Anne Simon, PhD
Genetics of Social Behavior
519 661-2111 x 80084
I deeply enjoy sharing my fascination for the complexity of the biological world with students of all levels. I also think that teaching happens beyond the classroom, and in parallel to teaching in the classroom, I have been continuously mentoring undergraduate and graduate students in my research projects. We currently focus on the analysis of complex behavior in the fruit fly relevant to neuropsychiatric illnesses. Inappropriate response to others is a shared deficit in many mental disorders, such as schizophrenia and bipolar disorders. Arguably, the power of Drosophila has been underused to answer these questions, in part because of a lack of proper behavioral paradigms. The paradigms that we have developed help fill that need: measure of social space (space "bubble") and avoidance of other stressed individuals. My objective is to quantify sociability among fruit flies. Specifically, I am pursuing several directions:
1/ The identification of the neuro-anatomical circuitry responsible for the observed phenotypes through the manipulation of neuron functions
2/ Testing candidate pathways involved in other types of social behavior and candidate for schizophrenia or autism, and studying their potential interactions
3/ Using forward genetic approaches that cannot be applied to most model systems to identify new genes required for social recognition
The results of these studies will allow us to identify new genes required for social response and to map the neuronal circuitry of social behavior in flies. We hypothesize that some of the genes and cellular mechanisms involved in tuning a complex nervous system to recognize a similar animal may be conserved.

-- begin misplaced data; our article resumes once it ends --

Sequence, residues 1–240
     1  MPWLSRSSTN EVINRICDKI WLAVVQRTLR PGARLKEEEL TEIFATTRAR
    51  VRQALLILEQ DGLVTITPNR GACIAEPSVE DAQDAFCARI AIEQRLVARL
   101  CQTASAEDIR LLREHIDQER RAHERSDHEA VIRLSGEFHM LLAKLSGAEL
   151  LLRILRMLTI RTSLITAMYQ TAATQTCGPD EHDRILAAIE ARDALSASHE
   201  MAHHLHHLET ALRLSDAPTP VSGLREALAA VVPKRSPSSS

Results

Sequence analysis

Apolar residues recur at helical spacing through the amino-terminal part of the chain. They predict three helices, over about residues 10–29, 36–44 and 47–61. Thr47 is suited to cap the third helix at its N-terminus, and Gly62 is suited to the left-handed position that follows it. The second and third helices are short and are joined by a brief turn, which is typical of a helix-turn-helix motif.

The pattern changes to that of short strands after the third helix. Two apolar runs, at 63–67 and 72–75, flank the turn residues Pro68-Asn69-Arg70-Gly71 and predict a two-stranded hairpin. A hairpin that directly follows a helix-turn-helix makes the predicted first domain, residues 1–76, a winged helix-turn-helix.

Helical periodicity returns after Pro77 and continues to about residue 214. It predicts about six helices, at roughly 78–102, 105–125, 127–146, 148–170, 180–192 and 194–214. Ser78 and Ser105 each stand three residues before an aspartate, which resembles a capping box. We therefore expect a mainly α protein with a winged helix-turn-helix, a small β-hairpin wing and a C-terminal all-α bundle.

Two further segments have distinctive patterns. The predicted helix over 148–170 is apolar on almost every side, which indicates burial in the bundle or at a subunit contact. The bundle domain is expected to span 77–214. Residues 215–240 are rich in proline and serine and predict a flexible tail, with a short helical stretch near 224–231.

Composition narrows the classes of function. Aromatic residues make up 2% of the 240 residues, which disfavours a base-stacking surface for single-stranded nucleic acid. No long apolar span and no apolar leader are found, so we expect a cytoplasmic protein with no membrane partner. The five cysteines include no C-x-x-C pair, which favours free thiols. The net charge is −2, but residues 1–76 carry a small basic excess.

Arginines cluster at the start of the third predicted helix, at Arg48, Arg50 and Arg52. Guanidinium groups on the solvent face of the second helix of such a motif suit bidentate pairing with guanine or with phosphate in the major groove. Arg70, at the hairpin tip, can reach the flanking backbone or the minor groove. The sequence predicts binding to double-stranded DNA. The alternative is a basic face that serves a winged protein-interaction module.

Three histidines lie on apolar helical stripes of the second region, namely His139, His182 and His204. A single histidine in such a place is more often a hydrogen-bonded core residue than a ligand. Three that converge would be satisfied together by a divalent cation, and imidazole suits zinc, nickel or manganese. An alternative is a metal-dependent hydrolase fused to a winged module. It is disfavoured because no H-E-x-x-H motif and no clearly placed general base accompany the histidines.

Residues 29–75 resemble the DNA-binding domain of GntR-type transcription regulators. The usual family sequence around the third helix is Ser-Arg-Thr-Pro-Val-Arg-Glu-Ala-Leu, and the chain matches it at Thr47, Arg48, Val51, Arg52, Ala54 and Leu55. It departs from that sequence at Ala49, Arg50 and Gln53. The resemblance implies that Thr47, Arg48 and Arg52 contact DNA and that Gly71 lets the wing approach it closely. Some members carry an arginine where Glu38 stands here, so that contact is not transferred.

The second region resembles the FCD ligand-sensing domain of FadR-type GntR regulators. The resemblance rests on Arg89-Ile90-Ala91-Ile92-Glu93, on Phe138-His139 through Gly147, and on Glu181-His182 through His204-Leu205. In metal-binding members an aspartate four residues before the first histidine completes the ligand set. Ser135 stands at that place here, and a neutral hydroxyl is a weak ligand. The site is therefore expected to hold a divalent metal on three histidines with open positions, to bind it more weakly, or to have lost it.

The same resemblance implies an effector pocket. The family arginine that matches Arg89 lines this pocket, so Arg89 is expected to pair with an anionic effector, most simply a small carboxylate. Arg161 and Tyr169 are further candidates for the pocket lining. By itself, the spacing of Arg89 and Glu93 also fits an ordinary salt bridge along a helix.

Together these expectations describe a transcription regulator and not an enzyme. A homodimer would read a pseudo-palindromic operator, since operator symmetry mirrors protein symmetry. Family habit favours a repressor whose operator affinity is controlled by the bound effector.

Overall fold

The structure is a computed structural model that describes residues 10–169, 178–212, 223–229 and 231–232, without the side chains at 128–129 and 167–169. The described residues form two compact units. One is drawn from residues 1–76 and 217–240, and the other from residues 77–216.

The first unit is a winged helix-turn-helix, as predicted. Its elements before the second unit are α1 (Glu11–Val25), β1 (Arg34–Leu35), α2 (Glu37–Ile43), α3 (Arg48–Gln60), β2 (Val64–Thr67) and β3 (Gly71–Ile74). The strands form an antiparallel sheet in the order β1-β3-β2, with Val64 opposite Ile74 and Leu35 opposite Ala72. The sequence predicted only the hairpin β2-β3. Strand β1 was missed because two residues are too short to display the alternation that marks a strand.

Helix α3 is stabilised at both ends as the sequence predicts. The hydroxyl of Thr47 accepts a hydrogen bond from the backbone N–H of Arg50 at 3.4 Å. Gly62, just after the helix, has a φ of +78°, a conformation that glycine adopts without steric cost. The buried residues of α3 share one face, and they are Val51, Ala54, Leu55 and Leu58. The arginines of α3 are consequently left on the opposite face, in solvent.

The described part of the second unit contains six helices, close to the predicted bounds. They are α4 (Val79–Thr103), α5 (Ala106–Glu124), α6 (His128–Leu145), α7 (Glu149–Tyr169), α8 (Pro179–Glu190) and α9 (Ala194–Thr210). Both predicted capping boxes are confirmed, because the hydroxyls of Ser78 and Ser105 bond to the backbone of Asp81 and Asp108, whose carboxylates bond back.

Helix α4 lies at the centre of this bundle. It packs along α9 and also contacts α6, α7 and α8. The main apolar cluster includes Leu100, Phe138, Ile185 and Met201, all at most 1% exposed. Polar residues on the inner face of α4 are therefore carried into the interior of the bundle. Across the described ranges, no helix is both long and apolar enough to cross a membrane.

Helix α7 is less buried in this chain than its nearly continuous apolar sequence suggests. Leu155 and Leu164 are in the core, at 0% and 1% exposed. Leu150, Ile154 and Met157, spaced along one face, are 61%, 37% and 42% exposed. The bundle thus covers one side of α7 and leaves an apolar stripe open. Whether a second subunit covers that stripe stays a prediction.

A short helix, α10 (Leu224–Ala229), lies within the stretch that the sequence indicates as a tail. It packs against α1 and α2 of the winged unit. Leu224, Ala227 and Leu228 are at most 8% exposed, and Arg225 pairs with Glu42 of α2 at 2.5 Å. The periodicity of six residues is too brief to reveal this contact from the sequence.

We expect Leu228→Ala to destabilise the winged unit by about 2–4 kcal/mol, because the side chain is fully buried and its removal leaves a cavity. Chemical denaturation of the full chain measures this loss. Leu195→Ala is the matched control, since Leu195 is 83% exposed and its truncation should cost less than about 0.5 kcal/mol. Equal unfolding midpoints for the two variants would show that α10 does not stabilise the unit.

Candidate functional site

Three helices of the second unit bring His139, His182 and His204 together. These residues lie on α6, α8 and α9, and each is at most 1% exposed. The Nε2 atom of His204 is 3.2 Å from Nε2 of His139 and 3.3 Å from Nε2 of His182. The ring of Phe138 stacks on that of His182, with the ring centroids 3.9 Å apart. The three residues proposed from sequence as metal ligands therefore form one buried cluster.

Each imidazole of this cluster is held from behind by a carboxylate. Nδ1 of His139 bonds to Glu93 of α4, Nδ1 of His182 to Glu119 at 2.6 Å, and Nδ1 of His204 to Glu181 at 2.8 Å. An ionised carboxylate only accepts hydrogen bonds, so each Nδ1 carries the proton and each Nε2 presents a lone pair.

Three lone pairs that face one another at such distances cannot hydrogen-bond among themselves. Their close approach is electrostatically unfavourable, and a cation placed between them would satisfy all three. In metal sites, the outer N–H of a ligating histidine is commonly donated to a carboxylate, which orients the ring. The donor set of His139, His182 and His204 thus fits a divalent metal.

Degrees and Institutions
- Ph.D., Molecular and Cellular Genetics, University of Paris XI, FRANCE
- M.S., Molecular and Genetic Biology, University of Paris XI, FRANCE
- B.S., Molecular Biology and Genetics, University of Paris XI, FRANCE
- Assistant Professor CUNY/York College, Biology Department, Jamaica, NY
- Assistant Research Geneticist UCLA, Brain Research Institute
- Research Scientist Cedars-Sinai Medical Center
- Postdoctoral researcher California Institute of Technology
- Biology 3316A - Advanced Cell Biology
- Biology 3597B - Regulation of Gene Expression
- Biology 3598B - Behavioral Genetics
- Biology 4943 - Seminars in Genetics
- Simon AF, Salazar E, Chou M-T, Nicholson T, Saini N, Metchev S and Krantz DE (2012). A simple assay to study social behavior in Drosophila: measurement of social space within a group. Genes, Brain and Behavior, 11, 243-252.
- Lawal HO, Chang H-Y, Terrell AN, Brooks ES, Pulido D, Simon AF, and Krantz DE (2010). The Drosophila vesicular monoamine transporter reduces pesticide-induced loss of dopaminergic neurons. Neurobiology of Disease, 40(1):102-112.
- Simon AF, Daniels R, Romero-Calderón R, Grygoruk A, Chang H-Y, Rod Najibi, Shamouelian D, Salazar E, Solomon M, Larry C. Ackerson LC, Maidment NT, DiAntonio A and Krantz DE. (2009) Drosophila vesicular monoamine transporter mutants can adapt to reduced or eliminated vesicular stores of dopamine and serotonin. Genetics, 181(2):525-41.
- Simon AF, Krantz DE (2007). Road Rage and Fruit Fly. Nature Genetics 39: 581.
- Romero-Calderón R, Uhlenbrock G, Borycz J, Simon AF, Grygoruk A, Yee SK, Shyer A, Ackerson LC, Maidment NT, Meinertzhagen IA, Hovemann BT, Krantz DE (2008). A Glial Variant of the Vesicular Monoamine Transporter Is Required To Store Histamine in the Drosophila Visual System. PLoS Genetics, 4(11): e1000245.